In fact, there are two kinds of In-Memory Mode: Really Fast, and Faster Still, which are really great for...
"Mr. Carter, you'll have to come with us now. No, don't take anything with you. Now, put your hands behind your back, you have the right to remain silent..."

[cue the Doink Doink sound]

Calling Other People's Web Services

Here's a recent article about calling an external (internet) web service from inside a database:

Using Web Services in a PocketBuilder Application, Reed Shilts, Mar. 22, 2008
The title says "PocketBuilder" but most of the real work is performed by a few lines of SQL inside SQL Anywhere:
  • CREATE FUNCTION f ( ... ) TYPE 'SOAP:DOC' to pass parameters to the external web service, receive the XML data it sends back, and return the XML to the caller as a LONG VARCHAR string,

  • SELECT ... FROM OPENXML ( f ( ... ) ) WITH ... to invoke the function, pass it parameter values and parse the XML string it returns into a relational result set, and

  • CREATE PROCEDURE to do the SELECT and return the result set to the application program (in this case, a PocketBuilder DataWindow).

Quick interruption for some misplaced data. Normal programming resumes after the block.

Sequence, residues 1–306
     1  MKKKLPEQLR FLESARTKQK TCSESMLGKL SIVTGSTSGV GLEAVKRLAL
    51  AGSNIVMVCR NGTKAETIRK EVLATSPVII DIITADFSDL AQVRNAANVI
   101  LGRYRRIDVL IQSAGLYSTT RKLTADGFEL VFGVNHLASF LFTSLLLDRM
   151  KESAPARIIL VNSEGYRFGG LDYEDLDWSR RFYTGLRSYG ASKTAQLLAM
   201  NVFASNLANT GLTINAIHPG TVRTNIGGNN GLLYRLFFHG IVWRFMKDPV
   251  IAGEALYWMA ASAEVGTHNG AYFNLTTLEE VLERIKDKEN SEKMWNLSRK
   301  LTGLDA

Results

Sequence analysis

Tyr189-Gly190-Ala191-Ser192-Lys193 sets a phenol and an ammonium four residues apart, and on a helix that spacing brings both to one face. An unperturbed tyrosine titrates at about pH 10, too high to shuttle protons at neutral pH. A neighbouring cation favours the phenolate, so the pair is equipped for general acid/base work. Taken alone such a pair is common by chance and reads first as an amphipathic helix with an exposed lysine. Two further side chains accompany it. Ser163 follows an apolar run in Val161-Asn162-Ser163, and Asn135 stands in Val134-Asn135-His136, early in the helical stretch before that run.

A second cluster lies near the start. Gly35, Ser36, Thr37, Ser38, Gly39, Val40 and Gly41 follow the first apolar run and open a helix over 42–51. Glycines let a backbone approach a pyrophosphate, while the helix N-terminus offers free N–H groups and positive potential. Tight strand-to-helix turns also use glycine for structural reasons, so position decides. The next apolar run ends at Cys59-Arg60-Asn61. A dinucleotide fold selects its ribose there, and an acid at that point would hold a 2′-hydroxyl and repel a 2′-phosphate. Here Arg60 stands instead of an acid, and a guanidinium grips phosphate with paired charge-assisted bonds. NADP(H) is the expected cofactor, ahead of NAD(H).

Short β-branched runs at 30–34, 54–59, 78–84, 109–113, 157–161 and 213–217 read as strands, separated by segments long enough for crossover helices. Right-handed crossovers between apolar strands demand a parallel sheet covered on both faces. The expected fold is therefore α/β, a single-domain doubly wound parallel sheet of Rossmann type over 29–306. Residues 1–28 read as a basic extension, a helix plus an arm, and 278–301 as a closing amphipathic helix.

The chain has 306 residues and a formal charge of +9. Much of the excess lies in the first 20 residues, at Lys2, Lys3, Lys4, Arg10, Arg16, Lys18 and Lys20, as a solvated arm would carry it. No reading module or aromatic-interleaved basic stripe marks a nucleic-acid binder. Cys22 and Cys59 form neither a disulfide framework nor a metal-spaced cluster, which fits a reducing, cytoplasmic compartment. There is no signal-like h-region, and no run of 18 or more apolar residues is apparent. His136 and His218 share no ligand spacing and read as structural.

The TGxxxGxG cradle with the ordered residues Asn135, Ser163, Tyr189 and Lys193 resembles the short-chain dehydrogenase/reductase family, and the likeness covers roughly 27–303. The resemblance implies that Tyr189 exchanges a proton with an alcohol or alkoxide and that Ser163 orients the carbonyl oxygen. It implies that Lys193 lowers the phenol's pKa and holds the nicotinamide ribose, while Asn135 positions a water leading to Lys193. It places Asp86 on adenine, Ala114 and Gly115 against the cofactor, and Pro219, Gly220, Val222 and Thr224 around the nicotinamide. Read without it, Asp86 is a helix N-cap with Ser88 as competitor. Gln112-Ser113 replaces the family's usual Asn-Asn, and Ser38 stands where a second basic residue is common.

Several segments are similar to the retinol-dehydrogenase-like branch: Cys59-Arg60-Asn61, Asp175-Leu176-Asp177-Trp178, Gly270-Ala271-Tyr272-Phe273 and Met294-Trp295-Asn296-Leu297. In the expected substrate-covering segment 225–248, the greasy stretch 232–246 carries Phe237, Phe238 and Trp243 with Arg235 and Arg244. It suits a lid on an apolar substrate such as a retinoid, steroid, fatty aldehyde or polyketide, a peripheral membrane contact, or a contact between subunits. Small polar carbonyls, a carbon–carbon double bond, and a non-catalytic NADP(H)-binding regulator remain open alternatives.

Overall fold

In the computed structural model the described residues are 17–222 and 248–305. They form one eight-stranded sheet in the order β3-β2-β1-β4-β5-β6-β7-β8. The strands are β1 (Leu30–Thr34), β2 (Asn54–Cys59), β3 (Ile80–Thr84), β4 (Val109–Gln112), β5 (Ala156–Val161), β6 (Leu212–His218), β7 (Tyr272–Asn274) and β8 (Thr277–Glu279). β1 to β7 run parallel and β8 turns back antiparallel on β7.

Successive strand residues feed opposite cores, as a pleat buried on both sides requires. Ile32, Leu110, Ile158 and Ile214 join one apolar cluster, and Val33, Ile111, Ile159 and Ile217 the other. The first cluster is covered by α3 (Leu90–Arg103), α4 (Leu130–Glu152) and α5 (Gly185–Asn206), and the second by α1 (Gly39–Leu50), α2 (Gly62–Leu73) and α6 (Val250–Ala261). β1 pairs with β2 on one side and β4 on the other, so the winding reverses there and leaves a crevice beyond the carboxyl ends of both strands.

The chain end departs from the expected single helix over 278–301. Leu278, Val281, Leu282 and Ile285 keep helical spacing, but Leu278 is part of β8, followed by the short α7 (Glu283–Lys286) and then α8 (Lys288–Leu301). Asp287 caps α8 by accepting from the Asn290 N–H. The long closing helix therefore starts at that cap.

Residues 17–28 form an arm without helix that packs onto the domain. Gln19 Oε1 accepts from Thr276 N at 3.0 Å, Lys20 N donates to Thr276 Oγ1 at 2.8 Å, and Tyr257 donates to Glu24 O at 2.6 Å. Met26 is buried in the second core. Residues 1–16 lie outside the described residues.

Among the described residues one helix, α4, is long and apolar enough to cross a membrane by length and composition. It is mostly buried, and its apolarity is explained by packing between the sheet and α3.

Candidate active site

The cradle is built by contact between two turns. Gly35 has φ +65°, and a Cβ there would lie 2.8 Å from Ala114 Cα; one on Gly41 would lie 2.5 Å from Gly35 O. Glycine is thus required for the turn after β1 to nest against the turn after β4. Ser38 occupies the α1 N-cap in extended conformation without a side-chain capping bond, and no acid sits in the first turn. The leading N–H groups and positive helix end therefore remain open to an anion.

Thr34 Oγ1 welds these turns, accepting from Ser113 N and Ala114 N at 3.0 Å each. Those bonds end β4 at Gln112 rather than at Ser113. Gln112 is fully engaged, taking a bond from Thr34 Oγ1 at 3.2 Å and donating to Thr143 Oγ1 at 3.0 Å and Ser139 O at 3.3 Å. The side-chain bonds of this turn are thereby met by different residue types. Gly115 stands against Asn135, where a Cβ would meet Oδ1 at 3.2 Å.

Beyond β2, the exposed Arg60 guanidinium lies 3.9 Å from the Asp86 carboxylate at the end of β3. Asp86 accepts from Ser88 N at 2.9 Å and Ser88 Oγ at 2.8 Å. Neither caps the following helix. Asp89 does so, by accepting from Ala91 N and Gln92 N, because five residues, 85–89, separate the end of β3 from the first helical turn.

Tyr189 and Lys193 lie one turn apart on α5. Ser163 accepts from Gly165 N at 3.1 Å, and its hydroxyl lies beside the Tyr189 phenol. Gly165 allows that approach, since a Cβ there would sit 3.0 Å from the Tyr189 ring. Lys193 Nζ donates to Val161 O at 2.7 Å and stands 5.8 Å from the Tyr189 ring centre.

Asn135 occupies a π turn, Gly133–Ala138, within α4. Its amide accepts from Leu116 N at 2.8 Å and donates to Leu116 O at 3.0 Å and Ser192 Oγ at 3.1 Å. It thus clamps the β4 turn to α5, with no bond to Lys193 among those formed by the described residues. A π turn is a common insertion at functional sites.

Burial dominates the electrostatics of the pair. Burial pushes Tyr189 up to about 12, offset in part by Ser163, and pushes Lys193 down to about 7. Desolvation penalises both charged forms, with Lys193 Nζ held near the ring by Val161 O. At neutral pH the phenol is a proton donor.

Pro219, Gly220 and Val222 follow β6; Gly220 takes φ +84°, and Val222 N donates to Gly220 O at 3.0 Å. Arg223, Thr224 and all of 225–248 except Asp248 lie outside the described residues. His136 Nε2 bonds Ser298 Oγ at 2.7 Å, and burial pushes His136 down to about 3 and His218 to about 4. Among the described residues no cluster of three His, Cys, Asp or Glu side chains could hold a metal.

You can use this facility from any application development environment that can call a stored procedure to get a result set, not just PocketBuilder.

I don't much like the formatting (or lack thereof) in the sample code, but Sys-Con Publishing has never pretended to be reader-friendly... Reed's a good guy, I'm not blaming him, and at least the samples have line breaks :)

Here is the other article that Reed's article refers to (but doesn't link to... thanks again, Sys-Con! do you even get "the internet"?):
Consuming Amazon Web Services Using PowerBuilder and SQL Anywhere 10.0.1, Deanne M. Chance, Jan. 4, 2008
Deanne's article contains more detailed sample code. The four "Listings" are stored together in one separate file so just jump to "Listing 1" and print what you see.

Alas, the one "Table" and five "Figures" are stored in 6 separate files... maybe Sys-Con used up their quota of hypertext links inside this article, and couldn't affort an external link to this article.
Apparently they also used up their quota of disk space because one of the Figures is hopelessly blurred, another barely readable.
Anyway, once again it's not the author's fault, AND THE BOTH ARTICLES ARE WORTH THE EFFORT! [shouting intended]

Monday, March 24, 2008

Monday Morning Work Avoidance

Warning: Some readers may find this material out of character.

Or not.

I don't know which is worse.

Maybe both.

ANSI Standard Haiku
12 lines, 6-8-5-7-9-9-10-3-3-8-5-2 syllables
You're sitting in your cube
your co-workers are all talking
about March Madness